The North Dakota Department of Mineral Resources will be holding a hearing on its new subsurface rules next week in Bismarck.
The hearing is set for Tuesday from 9 to 11:30 a.m. in the Mineral Resources Department's new building at 1000 E. Calgary Ave. The hearing is open to the public.
Ed Murphy, North Dakota state geologist, said the rules will cover a wide range of minerals.
Subsurface minerals means all naturally occurring elements and their compounds, volcanic ash, precious metals, carbonates, and natural mineral salts of boron, bromine, calcium, fluorine, iodine, lithium, magnesium, phosphorus, potassium, sodium, thorium, uranium, and sulfur, and their compounds, but does not include sand and gravel and rocks crushed for sand and gravel, according to the N.D. Century Code.
Potash is among the minerals included in the new subsurface rules, Murphy said.
He also said a geological study will be done of the potash in the state. Ned Kruger, a geologist, with the N.D. Geological Survey, will be the person to primarily work on the study that will possibly be completed by later this year.
Potash or potassium salts are primarily used in the production of fertilizer. Exploration took place in northwest North Dakota in the 1970s and more recently, Dakota Salts LLC did a test well near Lignite in Burke County.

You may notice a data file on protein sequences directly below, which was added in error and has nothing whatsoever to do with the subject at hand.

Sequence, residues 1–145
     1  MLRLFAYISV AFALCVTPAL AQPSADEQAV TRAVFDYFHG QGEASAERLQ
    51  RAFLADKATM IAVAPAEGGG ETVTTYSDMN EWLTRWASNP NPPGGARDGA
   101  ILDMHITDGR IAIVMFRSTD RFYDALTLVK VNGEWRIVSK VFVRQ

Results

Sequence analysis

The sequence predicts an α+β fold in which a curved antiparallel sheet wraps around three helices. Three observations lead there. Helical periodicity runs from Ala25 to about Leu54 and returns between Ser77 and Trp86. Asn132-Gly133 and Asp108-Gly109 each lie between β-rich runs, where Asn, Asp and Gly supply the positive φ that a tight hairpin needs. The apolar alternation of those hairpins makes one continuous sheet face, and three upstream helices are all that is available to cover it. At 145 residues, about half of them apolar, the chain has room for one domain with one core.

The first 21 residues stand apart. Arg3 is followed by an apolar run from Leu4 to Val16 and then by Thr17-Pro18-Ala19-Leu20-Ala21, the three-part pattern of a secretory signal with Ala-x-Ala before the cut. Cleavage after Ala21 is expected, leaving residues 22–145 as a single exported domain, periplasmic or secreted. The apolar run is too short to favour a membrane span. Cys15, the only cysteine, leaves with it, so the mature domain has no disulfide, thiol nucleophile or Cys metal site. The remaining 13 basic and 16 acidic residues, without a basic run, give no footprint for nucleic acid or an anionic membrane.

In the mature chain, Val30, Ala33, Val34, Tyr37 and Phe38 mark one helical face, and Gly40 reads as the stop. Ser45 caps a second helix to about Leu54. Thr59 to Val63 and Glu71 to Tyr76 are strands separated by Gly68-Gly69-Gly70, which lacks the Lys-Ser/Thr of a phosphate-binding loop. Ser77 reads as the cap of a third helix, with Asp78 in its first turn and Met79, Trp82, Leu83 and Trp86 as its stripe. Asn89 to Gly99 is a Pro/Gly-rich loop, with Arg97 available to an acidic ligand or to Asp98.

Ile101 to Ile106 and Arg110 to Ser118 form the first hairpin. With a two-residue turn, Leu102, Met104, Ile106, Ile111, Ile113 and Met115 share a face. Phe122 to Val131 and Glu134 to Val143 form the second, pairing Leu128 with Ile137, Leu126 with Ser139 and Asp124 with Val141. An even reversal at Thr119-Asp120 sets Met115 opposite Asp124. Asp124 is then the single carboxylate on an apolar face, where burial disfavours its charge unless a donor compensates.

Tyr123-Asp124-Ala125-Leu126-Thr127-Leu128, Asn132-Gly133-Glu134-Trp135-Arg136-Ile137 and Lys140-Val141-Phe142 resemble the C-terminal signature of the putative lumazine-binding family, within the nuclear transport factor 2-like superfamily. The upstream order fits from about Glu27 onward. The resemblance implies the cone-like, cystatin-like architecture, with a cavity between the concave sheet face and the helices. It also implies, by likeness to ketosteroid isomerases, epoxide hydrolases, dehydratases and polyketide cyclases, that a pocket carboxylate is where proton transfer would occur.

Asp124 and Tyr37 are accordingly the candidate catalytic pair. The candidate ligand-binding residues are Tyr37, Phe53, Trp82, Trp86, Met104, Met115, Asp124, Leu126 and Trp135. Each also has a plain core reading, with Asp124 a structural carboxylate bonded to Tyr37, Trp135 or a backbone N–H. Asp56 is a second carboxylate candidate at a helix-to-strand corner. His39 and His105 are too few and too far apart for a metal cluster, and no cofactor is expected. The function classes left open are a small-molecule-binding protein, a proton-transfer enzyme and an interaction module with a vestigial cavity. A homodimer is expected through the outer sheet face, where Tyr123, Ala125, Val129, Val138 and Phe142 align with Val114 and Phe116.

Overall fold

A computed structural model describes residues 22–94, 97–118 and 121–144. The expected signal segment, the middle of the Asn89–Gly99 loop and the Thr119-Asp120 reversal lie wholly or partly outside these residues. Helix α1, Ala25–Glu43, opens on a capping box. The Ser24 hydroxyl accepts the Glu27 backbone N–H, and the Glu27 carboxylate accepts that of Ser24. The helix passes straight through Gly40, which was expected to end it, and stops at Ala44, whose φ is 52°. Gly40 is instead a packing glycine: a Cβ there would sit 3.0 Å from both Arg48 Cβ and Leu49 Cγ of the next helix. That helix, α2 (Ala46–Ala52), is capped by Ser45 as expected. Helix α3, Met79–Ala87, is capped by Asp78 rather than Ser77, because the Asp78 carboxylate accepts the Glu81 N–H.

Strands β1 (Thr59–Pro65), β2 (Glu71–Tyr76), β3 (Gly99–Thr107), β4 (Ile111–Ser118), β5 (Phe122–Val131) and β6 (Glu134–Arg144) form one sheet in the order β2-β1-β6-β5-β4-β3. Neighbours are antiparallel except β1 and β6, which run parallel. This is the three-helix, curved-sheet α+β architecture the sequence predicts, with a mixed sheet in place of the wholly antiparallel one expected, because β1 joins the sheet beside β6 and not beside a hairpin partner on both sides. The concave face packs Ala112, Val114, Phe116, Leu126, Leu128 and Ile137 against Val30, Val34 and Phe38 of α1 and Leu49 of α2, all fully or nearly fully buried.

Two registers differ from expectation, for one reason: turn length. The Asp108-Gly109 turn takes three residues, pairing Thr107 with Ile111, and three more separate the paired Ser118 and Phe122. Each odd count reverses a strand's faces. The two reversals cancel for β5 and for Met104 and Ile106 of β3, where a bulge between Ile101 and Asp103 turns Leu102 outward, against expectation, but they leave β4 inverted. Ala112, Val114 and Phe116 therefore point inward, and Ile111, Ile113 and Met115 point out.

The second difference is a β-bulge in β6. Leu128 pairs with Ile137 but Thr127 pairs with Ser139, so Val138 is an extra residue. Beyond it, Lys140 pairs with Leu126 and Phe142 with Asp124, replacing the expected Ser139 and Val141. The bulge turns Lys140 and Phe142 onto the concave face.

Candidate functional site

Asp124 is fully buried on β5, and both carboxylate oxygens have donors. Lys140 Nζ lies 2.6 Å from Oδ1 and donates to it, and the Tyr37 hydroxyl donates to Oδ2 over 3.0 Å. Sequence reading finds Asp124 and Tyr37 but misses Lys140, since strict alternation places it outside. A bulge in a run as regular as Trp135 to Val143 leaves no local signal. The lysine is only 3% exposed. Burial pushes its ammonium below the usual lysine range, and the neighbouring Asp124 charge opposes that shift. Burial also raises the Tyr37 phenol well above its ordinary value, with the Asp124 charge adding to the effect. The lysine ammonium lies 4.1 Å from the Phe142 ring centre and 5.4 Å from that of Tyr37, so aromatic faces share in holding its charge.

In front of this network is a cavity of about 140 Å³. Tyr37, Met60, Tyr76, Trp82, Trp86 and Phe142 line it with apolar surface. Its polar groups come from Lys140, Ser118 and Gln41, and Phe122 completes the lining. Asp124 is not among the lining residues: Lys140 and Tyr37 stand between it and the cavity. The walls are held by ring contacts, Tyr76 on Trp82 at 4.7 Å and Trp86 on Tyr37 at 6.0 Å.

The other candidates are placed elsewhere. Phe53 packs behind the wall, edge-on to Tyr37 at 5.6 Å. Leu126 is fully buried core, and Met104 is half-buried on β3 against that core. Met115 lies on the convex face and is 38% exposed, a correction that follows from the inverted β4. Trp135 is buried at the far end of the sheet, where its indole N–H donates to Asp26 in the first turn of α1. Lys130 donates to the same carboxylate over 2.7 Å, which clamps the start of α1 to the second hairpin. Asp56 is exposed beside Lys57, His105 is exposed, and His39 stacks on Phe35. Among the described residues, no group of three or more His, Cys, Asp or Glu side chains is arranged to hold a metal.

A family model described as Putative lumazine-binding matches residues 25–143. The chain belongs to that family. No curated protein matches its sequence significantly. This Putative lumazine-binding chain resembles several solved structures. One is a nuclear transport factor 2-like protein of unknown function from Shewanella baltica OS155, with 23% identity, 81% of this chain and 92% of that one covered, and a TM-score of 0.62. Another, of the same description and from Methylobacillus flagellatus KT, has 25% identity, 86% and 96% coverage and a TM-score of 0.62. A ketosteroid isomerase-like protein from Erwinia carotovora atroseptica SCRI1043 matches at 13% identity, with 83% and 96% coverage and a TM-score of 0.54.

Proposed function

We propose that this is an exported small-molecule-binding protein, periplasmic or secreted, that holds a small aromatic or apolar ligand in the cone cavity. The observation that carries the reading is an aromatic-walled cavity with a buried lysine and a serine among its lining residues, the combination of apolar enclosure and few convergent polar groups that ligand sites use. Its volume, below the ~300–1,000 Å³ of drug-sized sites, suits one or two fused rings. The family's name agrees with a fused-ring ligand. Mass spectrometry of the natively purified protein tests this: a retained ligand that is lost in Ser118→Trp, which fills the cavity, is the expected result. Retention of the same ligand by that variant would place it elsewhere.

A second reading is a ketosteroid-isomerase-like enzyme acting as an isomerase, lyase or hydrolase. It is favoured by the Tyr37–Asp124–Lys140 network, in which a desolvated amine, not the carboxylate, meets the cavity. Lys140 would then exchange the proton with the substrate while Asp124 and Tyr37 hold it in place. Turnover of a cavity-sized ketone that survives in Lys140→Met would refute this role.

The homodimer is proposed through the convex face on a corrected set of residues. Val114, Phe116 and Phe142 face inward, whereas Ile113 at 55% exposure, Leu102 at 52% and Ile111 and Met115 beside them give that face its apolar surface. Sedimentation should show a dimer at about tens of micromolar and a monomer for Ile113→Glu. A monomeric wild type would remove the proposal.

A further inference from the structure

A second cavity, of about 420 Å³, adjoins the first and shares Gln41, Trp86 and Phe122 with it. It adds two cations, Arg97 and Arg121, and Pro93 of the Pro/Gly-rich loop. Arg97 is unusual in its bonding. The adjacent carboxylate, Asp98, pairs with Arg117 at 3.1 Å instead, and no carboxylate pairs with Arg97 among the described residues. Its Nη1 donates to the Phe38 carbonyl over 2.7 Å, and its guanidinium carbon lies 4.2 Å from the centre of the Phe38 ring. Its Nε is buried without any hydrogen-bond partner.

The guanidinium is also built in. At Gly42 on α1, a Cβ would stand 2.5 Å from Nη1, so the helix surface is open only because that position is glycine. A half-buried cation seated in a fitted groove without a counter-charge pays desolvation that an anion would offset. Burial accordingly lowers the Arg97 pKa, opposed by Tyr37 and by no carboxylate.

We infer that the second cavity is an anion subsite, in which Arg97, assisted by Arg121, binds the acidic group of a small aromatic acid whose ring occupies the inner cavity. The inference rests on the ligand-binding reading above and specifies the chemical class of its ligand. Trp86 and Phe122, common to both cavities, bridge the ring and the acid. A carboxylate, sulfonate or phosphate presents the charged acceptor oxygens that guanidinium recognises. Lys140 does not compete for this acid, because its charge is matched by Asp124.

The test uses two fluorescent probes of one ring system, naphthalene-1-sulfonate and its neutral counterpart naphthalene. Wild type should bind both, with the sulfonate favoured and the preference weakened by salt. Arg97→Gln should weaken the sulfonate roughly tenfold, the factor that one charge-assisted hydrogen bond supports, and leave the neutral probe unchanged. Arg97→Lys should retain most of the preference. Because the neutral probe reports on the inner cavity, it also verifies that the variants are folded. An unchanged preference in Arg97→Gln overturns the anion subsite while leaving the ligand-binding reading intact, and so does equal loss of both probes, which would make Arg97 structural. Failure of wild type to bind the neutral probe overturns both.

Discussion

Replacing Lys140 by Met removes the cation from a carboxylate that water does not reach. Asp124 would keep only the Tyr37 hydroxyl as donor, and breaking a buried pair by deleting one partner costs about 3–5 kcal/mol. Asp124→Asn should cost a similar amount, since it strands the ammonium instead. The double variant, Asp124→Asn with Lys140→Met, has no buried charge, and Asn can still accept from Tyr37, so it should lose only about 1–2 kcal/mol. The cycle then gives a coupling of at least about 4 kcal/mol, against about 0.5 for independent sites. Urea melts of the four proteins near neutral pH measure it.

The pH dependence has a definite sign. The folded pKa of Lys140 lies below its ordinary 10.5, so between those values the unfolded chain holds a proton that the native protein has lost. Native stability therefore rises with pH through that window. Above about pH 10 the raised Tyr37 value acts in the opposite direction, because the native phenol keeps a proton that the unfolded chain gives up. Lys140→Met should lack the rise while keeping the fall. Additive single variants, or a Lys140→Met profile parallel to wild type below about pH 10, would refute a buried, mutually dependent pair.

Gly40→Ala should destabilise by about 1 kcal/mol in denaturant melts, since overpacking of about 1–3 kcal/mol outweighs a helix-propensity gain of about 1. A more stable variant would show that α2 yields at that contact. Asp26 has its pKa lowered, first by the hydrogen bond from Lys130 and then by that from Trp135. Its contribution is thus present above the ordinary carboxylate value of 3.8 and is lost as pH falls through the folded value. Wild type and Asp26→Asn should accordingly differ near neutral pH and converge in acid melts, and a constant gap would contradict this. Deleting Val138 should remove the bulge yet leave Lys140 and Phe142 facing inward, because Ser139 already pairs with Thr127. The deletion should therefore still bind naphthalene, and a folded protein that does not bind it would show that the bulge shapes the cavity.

The company was issued a permit for the potash test well in August 2010. It was the first exploratory drilling permit for potash issued in the state for more than 30 years. That exploratory well was drilled near Lignite in late 2010.
Dakota Salts LLC, incorporated in Bismarck, is a wholly owned subsidiary of Sirius Minerals Plc, a diversified potash exploration and development company based in London.
Dakota Salts leased more than 16,000 mineral acres in North Dakota for possible potash development.
Two years ago the North Dakota Legislature approved a 2 percent tax on potash production.
J.T. Starzecki, a spokesman for Sirius Minerals Plc. in Minneapolis, verified Dakota Salts now is focusing its efforts in England.
However, Murphy said there are a couple companies still interested in potash in the state.